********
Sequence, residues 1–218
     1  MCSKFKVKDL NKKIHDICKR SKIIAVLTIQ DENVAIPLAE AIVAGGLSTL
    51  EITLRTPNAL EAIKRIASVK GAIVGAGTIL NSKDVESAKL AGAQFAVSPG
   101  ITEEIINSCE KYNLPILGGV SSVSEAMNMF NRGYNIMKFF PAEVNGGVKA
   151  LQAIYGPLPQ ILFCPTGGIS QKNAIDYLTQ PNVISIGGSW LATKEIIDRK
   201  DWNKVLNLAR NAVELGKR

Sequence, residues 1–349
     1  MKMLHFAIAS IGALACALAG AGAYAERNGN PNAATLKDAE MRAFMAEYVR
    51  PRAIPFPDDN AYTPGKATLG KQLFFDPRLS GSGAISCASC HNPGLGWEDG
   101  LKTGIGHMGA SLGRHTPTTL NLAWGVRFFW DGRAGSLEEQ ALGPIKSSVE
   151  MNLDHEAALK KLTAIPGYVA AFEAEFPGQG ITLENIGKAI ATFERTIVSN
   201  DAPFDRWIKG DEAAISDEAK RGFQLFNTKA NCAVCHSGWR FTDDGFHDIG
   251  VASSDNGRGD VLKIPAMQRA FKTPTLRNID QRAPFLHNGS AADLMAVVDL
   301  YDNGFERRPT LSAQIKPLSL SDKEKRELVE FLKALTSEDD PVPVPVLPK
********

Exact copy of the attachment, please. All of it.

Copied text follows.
Sequence, residues 1–218
     1  MCSKFKVKDL NKKIHDICKR SKIIAVLTIQ DENVAIPLAE AIVAGGLSTL
    51  EITLRTPNAL EAIKRIASVK GAIVGAGTIL NSKDVESAKL AGAQFAVSPG
   101  ITEEIINSCE KYNLPILGGV SSVSEAMNMF NRGYNIMKFF PAEVNGGVKA
   151  LQAIYGPLPQ ILFCPTGGIS QKNAIDYLTQ PNVISIGGSW LATKEIIDRK
   201  DWNKVLNLAR NAVELGKR

Sequence, residues 1–349
     1  MKMLHFAIAS IGALACALAG AGAYAERNGN PNAATLKDAE MRAFMAEYVR
    51  PRAIPFPDDN AYTPGKATLG KQLFFDPRLS GSGAISCASC HNPGLGWEDG
   101  LKTGIGHMGA SLGRHTPTTL NLAWGVRFFW DGRAGSLEEQ ALGPIKSSVE
   151  MNLDHEAALK KLTAIPGYVA AFEAEFPGQG ITLENIGKAI ATFERTIVSN
   201  DAPFDRWIKG DEAAISDEAK RGFQLFNTKA NCAVCHSGWR FTDDGFHDIG
   251  VASSDNGRGD VLKIPAMQRA FKTPTLRNID QRAPFLHNGS AADLMAVVDL
   301  YDNGFERRPT LSAQIKPLSL SDKEKRELVE FLKALTSEDD PVPVPVLPK